The Twin Cities are home to a large Somali community. Like many immigrant communities, rates of obesity and cardiovascular disease are higher here than in their homelands. Numerous factors fuel the discrepancy, and activity levels are often cited as a contributor.
In her own community, Fahima Osman, a third-year student in CBS, noticed that many Somali women did not feel comfortable exercising in co-ed spaces. With the support of the Undergraduate Research Opportunities Program (UROP) and a research mentor, Osman and CLA undergraduate Sumaya Noor conducted research in the local community.
Under guidance of Professor Sarah Reddy Sevcik Tummala in the School of Public Health, the two undergraduate students carried out interviews with individuals at the University and in the community. They interviewed men and women ages 18 to 65. The reasons men gave for not working out varied — from gym costs to lack of time. But about 90 percent of the responses from women mentioned lack of women-only gym spaces as a major barrier. Because female modesty is valued in Somali culture, this wasn’t a huge surprise to Osman.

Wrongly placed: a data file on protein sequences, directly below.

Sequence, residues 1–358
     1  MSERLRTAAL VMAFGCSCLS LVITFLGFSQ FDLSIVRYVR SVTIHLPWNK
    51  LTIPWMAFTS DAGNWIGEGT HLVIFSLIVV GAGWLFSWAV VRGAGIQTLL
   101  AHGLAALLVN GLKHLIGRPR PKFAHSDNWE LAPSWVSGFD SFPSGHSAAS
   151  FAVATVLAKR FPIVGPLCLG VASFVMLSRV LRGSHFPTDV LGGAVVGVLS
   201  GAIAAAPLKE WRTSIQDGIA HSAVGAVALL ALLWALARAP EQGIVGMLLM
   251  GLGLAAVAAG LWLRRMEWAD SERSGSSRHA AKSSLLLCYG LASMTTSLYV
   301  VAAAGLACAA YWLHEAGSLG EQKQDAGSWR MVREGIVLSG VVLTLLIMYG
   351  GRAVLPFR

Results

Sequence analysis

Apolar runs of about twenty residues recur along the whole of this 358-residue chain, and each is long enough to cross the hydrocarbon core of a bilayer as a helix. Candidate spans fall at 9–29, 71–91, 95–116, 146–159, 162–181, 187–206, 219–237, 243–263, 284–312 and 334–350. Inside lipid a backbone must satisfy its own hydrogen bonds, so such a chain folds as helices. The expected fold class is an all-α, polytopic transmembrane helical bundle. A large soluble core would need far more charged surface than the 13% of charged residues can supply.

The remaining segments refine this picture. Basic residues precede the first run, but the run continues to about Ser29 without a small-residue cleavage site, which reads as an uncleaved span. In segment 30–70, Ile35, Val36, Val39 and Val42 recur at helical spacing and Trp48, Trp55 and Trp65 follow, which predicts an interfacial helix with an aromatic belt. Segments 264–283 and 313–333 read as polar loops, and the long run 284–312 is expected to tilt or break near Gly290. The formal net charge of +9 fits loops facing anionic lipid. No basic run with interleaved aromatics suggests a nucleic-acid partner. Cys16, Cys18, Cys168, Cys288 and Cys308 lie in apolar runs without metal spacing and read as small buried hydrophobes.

Osman and Noor presented the research findings at the UROP Research Symposium and their poster caught the eye of Paul Silicano, associate professor in Biochemistry, Molecular Biology, and Biophysics. He encouraged the students to present their findings to the University Recreation and Wellness Center (RecWell) staff. Silicano helped Osman and Noor identify key contacts and facilitated the next steps.
After Osman and Noor met with RecWell staff and distributed surveys to gauge interest and preferred times, wheels went into motion. RecWell piloted women-only workout spaces this fall. Currently they’re offering a women-only cardio space from 7 - 9 p.m. on Monday and Wednesday. Women can also gather from 8 - 10 a.m. on Saturdays in the upper fitness center for weights and cardio. Depending on interest and funds, RecWell may begin offering women- only fitness classes as well.
“It’s very exciting that it has finally come together,” says Osman. “One unexpected benefit is building a strong female community centered around fitness. This would have been much more challenging for some Muslim women to participate without this private space.” - Claire Wilson